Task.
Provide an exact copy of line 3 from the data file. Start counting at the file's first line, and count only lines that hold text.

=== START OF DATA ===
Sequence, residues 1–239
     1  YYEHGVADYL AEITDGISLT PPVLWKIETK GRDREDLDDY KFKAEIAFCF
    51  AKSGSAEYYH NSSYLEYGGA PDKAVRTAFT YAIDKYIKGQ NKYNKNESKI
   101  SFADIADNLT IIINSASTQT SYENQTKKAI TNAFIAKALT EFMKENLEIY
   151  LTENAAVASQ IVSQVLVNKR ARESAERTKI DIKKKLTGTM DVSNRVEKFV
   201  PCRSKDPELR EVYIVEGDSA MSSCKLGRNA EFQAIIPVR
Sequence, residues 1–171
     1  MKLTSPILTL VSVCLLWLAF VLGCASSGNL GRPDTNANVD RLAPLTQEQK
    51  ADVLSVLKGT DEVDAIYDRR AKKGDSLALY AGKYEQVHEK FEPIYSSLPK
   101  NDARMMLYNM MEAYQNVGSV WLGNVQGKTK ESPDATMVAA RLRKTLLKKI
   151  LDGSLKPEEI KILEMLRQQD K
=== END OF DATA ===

    51  AKSGSAEYYH NSSYLEYGGA PDKAVRTAFT YAIDKYIKGQ NKYNKNESKI